Bordeaux’s reputation rests mainly on its Cabernet and Merlot dominated red wines and its luscious sweet Sauternes. But, as we found when we visited the city a couple of years back, there are some attractive dry whites produced there, too. These are usually made from Sémillon, Sauvignon Blanc or a mixture of the 2 (occasionally with some Muscadelle added for a little grapey interest), but not always. We recently opened a bottle that was a much rarer blend of Sémillon with Colombard – and really enjoyed it.
Château de la Grave Grains Fins (Wine Society, £10.50) is deliciously refreshing with lovely pineapple and peach flavours and a long clean finish. The peachiness reminded me a little of Viognier but that’s not an approved variety in Bordeaux so, in this case, the taste was most likely as a result of the inclusion of the Colombard.
Although not a particularly well-known grape variety, Colombard has been grown here for many years but, perhaps more significantly, slightly further north in the Charente region, where it, along with Ugni Blanc, is used in the production of the brandy known as Armagnac. Sadly, demand for Armagnac has declined sharply in recent years and the producers are increasingly diverting Colombard into good value white wines; look in your supermarkets for Côtes de Gascogne or Charentais where the grape’s peachiness adds to the attraction of these crisp, easy-drinking bottles.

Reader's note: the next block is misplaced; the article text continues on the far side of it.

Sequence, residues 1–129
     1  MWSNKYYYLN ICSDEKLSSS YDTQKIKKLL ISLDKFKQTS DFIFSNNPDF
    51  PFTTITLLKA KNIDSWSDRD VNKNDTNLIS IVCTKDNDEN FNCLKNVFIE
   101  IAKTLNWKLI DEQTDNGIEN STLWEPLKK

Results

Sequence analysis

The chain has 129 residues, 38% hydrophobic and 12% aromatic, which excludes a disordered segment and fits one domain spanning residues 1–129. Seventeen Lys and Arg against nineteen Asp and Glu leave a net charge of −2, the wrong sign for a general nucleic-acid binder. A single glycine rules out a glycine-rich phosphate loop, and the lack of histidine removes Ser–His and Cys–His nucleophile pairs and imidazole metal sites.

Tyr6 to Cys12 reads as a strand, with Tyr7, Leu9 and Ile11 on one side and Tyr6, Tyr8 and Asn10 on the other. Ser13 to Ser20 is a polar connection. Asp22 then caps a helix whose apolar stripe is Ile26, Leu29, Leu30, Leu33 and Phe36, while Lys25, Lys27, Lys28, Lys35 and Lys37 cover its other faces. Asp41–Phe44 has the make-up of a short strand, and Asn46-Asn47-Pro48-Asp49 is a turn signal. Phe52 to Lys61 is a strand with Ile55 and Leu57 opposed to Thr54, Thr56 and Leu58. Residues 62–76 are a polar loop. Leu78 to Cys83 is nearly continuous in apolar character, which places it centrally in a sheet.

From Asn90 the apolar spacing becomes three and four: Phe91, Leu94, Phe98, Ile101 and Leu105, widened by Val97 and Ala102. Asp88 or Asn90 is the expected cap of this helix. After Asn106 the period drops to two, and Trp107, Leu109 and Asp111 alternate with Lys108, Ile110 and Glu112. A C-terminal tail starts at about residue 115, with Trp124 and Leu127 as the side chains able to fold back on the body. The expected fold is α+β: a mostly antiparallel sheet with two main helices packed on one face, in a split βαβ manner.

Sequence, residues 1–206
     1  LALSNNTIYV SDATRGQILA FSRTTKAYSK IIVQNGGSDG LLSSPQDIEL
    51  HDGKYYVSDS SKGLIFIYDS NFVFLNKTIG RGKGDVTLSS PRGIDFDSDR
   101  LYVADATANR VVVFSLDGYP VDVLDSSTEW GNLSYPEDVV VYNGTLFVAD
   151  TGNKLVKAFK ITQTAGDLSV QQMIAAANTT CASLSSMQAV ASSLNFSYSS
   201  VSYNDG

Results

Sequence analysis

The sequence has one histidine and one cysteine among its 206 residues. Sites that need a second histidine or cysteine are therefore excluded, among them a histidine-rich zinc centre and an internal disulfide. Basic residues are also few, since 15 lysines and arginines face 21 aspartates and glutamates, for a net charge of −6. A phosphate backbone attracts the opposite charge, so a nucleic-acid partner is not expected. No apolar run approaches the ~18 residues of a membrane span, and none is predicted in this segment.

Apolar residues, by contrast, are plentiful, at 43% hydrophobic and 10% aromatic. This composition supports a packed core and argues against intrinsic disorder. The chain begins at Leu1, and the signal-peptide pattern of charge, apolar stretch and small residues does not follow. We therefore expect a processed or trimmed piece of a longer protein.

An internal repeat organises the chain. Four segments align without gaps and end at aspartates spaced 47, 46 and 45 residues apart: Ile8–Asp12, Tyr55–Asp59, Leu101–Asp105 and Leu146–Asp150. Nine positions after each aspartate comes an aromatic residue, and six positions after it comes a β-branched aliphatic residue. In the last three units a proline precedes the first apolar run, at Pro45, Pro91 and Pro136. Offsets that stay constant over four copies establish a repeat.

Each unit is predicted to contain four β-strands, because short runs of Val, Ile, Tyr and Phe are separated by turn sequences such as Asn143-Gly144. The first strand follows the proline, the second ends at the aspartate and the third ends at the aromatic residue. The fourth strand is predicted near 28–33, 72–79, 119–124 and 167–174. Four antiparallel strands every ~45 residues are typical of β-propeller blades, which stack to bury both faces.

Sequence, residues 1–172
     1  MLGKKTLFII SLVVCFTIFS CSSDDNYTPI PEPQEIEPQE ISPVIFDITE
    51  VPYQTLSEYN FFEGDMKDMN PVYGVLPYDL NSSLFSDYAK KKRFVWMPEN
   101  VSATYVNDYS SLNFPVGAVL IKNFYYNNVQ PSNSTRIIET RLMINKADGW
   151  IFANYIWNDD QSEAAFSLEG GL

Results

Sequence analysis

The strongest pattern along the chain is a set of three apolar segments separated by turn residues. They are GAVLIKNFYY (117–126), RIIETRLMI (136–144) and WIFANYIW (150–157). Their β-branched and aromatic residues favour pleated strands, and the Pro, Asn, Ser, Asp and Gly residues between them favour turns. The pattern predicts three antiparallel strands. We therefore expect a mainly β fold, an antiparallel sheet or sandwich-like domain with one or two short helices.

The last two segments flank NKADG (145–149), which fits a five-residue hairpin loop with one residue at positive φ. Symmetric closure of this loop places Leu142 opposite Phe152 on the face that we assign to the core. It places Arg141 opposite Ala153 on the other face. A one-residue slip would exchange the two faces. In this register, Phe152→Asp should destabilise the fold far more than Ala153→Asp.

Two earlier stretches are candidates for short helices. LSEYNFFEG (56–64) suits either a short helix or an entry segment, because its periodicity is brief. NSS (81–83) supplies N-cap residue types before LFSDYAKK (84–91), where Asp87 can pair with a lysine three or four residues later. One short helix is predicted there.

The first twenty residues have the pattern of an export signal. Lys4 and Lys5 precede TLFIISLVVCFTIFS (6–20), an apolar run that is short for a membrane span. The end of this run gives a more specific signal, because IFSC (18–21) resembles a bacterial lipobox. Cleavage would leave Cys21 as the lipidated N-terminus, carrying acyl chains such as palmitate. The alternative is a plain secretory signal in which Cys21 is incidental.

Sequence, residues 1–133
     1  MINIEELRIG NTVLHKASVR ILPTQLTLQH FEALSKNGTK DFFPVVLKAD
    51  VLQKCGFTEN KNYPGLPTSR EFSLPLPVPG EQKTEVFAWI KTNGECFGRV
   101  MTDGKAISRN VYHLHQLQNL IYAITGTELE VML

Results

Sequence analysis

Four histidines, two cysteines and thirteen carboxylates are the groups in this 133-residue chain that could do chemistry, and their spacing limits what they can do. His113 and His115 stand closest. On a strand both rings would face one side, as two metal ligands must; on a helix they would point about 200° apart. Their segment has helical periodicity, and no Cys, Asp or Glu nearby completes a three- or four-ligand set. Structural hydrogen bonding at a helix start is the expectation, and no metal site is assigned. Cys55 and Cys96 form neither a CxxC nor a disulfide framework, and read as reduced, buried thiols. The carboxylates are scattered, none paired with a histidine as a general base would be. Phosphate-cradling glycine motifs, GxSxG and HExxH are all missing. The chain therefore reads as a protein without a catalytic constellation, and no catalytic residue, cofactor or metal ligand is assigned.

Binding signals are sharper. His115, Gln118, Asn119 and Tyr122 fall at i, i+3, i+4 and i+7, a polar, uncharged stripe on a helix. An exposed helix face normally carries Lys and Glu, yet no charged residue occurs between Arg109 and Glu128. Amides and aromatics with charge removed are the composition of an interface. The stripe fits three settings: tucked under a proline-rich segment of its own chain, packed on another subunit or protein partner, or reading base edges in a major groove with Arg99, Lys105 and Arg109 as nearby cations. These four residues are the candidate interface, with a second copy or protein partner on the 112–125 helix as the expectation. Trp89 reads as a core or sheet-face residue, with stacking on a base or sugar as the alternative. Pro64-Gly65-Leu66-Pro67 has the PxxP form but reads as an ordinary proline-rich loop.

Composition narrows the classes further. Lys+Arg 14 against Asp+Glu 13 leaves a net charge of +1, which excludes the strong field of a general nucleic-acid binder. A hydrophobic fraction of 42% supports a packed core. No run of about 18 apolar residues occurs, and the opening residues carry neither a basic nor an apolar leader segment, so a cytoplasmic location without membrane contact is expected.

But, back to the Château de la Grave. Despite the ‘Grave’ name, it’s not from that area of Bordeaux. Instead, it comes from the Côtes de Bourg, an interesting but not highly-regarded Appellation slightly further north overlooking the Dordogne River. As with the rest of Bordeaux, white Bourg wines are of secondary importance to reds but, at their best, both can be really drinkable as well as extremely good value.